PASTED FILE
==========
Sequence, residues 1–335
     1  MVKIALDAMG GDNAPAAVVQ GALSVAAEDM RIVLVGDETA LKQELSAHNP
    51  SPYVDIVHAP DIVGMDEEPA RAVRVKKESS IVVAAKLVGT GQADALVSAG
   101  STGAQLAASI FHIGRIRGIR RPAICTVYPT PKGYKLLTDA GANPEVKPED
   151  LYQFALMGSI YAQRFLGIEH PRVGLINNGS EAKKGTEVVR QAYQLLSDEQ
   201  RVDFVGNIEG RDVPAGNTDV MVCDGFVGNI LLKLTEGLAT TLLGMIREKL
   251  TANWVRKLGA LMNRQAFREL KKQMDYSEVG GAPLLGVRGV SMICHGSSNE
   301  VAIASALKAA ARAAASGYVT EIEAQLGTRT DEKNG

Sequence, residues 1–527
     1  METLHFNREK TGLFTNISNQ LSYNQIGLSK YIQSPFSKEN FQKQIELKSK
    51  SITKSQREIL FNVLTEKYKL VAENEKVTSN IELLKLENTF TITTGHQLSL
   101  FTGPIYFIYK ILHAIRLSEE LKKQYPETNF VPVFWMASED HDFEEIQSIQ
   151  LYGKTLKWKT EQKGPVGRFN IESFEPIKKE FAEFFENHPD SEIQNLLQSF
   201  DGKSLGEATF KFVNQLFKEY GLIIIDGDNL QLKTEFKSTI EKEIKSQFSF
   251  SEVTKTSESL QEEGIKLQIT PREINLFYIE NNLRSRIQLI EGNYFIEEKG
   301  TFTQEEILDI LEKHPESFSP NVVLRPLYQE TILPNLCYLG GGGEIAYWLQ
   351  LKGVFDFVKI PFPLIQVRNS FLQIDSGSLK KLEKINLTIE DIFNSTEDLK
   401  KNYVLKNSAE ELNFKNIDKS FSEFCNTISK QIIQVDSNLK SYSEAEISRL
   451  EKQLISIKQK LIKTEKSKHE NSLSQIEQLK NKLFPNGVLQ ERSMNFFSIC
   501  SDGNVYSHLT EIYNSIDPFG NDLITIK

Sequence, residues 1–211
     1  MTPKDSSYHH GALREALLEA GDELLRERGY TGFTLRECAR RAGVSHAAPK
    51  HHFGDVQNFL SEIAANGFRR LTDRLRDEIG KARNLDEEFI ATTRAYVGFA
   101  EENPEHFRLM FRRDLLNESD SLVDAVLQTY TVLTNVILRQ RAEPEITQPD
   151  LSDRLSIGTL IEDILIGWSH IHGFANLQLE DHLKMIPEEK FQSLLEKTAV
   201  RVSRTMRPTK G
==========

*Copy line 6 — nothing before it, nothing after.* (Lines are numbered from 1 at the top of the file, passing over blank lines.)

   201  RVDFVGNIEG RDVPAGNTDV MVCDGFVGNI LLKLTEGLAT TLLGMIREKL